This year, since I have been the Living Editor for the Fort Hood Sentinel, I have seen more of Central Texas than I did in my entire eight years of being stationed here as an active duty Soldier.

It’s been eye-opening to me personally to see all the cool adventures and experiences that I would have missed had I not taken this position. I sincerely hope the Traveling Soldier feature inspired some of you to get out of the house or barracks and go on some adventures for yourself.

This year started out like most others, with some trips to Austin and Travis County. And rightfully so. There are hundreds of nearby things to do in the city of Austin, from seeing the bats come out from under the bridge downtown, to having a drink and listening to some live music on 6th Street, to eating at some world-famous BBQ joints. But in March, the coronavirus pandemic hit and the counties that contain Austin, Dallas, Fort Worth, Houston and San Antonio all became off-limits to Soldiers. How are we supposed to remember the Alamo if we can’t go see it?

So with that in mind, I and the other editors here began looking deeper for opportunities that were within 100 miles, with as little risk of contracting COVID-19 as possible.

These constraints led me to discover a host of nearby Texas State Parks, and more personally to me, renewed my love for the outdoors.

Who knew there was a 70-foot waterfall within an hour drive of the Great Place? Not me. You can find that for yourself at Colorado Bend State Park near the city of Bend.

Outside the gate of North Fort Hood is Mother Neff State Park, which has a host of well-shaded hiking trails and cool spots to fish along the Leon River.

Inks Lake State Park was my favorite multipurpose park for camping, swimming, and boating.

Longhorn Cavern State Park, which is just a few miles down the road from Inks Lake, was the best learning experience I had on these adventures. Learning about the geology of the cavern and also the history of how it was made, and how it was used afterward was very interesting, and just cool to see. The walls of the caverns are covered in crystals, with stalagmites and stalactites on the floor and ceiling.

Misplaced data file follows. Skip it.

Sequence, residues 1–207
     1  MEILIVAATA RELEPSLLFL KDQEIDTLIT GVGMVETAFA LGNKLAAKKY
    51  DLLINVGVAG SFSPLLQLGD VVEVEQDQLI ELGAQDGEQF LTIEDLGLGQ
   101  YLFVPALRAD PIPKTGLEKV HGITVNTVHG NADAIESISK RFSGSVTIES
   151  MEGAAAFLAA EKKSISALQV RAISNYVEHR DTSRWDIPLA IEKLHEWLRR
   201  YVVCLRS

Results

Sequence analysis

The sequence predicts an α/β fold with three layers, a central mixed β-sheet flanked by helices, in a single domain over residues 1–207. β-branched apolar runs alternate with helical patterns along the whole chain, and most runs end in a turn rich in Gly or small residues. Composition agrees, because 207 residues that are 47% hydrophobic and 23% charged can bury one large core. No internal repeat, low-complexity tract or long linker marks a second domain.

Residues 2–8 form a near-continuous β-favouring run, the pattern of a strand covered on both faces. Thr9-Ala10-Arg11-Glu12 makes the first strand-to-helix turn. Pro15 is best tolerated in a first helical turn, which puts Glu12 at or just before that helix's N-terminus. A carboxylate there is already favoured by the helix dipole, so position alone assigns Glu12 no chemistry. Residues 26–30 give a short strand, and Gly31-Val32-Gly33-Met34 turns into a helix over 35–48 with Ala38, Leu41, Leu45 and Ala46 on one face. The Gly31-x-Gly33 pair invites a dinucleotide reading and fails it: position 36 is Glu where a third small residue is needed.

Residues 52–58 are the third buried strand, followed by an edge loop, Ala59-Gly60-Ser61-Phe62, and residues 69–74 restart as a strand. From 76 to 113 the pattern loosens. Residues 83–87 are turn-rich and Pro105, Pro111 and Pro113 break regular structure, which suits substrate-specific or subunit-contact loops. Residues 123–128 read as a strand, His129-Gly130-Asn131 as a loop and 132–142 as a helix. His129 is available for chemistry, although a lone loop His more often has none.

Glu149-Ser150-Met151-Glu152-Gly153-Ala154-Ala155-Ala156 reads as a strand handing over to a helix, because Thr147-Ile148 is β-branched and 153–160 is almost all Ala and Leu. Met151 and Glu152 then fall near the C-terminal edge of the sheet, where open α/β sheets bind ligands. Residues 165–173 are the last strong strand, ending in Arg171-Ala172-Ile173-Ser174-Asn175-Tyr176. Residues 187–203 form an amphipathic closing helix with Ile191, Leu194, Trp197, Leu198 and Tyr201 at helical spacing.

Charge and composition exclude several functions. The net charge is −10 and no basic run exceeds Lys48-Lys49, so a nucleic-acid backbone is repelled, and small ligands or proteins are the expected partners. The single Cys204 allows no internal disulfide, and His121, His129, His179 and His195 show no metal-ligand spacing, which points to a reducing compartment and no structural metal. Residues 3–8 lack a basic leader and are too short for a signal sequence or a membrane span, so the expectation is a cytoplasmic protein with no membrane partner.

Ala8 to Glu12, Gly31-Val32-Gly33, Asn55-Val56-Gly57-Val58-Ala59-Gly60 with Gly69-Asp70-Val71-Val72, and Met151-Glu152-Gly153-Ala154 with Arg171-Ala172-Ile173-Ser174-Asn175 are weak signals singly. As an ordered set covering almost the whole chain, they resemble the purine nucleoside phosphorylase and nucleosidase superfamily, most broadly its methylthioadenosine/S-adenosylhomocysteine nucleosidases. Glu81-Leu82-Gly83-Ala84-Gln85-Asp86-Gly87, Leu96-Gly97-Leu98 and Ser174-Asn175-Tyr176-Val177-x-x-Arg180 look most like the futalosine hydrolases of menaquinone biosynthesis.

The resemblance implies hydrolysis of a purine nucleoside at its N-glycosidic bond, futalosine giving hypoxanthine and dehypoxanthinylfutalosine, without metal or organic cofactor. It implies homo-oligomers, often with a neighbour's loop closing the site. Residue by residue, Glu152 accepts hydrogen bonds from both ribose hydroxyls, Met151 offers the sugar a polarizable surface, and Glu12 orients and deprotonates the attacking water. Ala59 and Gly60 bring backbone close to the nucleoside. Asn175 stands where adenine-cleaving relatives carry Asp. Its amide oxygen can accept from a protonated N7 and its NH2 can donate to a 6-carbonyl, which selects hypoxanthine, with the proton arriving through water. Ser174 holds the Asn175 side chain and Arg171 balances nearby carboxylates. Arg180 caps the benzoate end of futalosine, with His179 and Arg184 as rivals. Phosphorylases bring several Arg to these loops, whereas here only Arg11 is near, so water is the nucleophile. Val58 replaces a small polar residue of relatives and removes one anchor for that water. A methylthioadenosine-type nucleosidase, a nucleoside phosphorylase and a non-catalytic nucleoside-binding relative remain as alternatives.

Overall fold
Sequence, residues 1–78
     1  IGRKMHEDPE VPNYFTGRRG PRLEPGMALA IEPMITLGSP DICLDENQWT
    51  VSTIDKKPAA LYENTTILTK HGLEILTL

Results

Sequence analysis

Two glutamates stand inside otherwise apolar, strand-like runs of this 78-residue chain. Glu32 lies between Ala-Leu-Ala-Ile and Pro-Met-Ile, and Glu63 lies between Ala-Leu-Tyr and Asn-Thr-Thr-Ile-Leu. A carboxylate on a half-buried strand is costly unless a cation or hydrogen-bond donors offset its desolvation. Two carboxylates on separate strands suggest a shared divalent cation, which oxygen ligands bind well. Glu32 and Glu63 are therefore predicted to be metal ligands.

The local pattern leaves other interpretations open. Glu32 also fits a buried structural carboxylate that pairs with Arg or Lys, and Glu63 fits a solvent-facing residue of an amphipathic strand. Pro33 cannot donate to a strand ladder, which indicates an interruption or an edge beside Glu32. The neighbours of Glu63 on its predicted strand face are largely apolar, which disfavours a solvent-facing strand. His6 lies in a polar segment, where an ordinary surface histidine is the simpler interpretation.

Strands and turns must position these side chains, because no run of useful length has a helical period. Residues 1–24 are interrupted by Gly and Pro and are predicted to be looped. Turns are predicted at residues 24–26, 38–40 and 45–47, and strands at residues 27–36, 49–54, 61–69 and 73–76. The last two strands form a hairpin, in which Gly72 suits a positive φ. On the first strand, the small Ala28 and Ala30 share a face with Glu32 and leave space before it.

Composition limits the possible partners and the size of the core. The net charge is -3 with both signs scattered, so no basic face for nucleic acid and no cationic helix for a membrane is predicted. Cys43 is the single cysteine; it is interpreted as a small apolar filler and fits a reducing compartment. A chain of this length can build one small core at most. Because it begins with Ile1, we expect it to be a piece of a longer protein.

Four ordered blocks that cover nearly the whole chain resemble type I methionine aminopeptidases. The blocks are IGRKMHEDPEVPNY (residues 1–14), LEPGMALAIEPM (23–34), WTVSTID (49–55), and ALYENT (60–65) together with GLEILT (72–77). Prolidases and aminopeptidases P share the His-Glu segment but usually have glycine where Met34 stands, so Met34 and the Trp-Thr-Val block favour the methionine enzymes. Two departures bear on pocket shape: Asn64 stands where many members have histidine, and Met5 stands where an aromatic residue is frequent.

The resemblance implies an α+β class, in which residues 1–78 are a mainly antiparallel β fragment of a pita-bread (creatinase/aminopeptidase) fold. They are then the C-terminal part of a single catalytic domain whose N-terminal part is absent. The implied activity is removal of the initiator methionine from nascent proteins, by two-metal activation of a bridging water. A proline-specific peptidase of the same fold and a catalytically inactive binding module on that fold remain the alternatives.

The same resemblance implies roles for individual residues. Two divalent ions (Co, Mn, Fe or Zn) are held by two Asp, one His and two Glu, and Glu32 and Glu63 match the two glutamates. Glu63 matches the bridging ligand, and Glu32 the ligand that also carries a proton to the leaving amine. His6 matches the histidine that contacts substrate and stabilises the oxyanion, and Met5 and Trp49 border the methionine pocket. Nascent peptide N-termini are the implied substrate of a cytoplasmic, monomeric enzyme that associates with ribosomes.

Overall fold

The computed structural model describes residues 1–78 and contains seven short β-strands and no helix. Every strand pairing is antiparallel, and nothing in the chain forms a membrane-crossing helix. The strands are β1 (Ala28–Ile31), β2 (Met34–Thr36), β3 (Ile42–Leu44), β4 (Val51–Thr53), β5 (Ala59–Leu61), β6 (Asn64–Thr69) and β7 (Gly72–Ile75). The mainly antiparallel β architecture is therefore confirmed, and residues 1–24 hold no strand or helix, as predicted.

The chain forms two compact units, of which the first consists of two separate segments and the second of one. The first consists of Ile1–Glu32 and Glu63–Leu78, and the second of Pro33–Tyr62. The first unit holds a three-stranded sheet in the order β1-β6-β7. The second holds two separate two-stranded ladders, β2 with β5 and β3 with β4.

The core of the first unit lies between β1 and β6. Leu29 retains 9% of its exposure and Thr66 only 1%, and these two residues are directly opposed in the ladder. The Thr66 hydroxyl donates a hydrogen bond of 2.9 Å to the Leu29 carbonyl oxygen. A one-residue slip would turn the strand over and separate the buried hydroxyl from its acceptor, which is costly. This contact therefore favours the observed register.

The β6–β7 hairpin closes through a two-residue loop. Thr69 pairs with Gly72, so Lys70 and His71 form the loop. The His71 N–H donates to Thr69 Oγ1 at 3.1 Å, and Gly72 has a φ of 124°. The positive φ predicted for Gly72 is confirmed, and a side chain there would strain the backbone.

Not to mention the parks that are right here in our backyard. Danas Peak Park and Chalk Ridge Falls on Stillhouse Hollow Lake should be everyone’s first thought right after BLORA. Both are great places to get some sun and some fresh air.

My final state park outing was to the San Gabriel River Trail. The perfect place to either take the family or head out solo for a walk along the river. It’s a great spot for birdwatching as well.

I did try to mix it up a bit and find some other activities that were open and safe to visit, because I knew that not everyone enjoys spending every single weekend outside in the woods or alongside a body of water.

My grandkids and I visited the Blue Bell Creamery in Brenham, where they had a blast touring the facility and, of course, devouring some ice cream on a hot, Texas day.

My grandson, X’zavier, and I visited the Temple Train Museum, where we learned quite a bit about the history of the railroad in this area and the ties it has to Fort Hood. We also got to climb on a real steam engine. I can only imagine the men who were shoveling coal into that engine to move commerce across the great southwest.

Waco Mammoth National Monument was a short trip, but it was intriguing to the see the tusks and bones of a real-life woolly mammoth and to learn that we are not that far removed from them on the timeline of history.

The Cameron Park Zoo in Waco is just a couple miles further down the road and that is simply the best zoo in Central Texas, for both adults and kids alike. And the city park just outside of the zoo is the perfect spot for a date with your significant other!

Fall and winter seasonal events took precedence for the rest of the year.

I had heard of and visited Sweet Berry Farms in Marble Falls several times while I was still on active duty, and I was happy to visit again and share that experience with the Sentinel readers. But I quickly learned that there were several attractions in the area that are very similar that I had never heard of.

Ware’s Wander Woods is very close to Fort Hood and has different events to attend throughout the year and comes highly recommended. My family and I also had a blast at fall pumpkin patches at Sweet Eats Fruit Farm in Georgetown and the Robinson Family Farm in Temple. Both are places that you should most definitely add to your list of must-see places in Central Texas.

Toward the end of fall, we got tired of watching movies on Netflix and headed to Gatesville to visit the Last Drive-In Picture Show. It’s an old-school drive-in movie theater, and if you have never been, they are open year round. They have started showing first-run movies again. You should check it out!

I ended the year by embracing the Christmas spirit and all that it represents. I saw the awe-inspiring light displays at BLORA, Santa’s Ranch in New Braunfels, and Marble Falls’ Walkway of Lights. We also went for a trip to Palestine and rode the Polar Express train.

It’s been a true pleasure to go on all of these adventures and to come back and share them with you all in the Fort Hood Sentinel. I sincerely hope that you were able to go on some of these adventures yourself, get out of the house, and relieve yourself from some of the stress of that very crazy year called 2020.

Here’s hoping that 2021 is a far better year with even better adventures on the horizon.

Happy New Year, y’all!